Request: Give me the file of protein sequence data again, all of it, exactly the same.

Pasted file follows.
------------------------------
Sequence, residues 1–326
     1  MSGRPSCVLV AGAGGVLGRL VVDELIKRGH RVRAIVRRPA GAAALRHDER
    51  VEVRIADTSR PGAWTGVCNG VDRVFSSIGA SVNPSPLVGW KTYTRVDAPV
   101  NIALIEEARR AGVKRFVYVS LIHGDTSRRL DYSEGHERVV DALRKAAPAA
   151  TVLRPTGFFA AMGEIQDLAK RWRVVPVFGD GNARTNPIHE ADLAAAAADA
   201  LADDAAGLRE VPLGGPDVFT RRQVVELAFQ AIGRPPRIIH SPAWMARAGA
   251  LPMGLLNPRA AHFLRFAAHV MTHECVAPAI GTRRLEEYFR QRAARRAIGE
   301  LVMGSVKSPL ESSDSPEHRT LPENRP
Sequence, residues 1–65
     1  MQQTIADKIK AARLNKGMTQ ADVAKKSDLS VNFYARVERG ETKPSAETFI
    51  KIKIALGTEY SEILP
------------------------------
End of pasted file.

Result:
Sequence, residues 1–326
     1  MSGRPSCVLV AGAGGVLGRL VVDELIKRGH RVRAIVRRPA GAAALRHDER
    51  VEVRIADTSR PGAWTGVCNG VDRVFSSIGA SVNPSPLVGW KTYTRVDAPV
   101  NIALIEEARR AGVKRFVYVS LIHGDTSRRL DYSEGHERVV DALRKAAPAA
   151  TVLRPTGFFA AMGEIQDLAK RWRVVPVFGD GNARTNPIHE ADLAAAAADA
   201  LADDAAGLRE VPLGGPDVFT RRQVVELAFQ AIGRPPRIIH SPAWMARAGA
   251  LPMGLLNPRA AHFLRFAAHV MTHECVAPAI GTRRLEEYFR QRAARRAIGE
   301  LVMGSVKSPL ESSDSPEHRT LPENRP
Sequence, residues 1–65
     1  MQQTIADKIK AARLNKGMTQ ADVAKKSDLS VNFYARVERG ETKPSAETFI
    51  KIKIALGTEY SEILP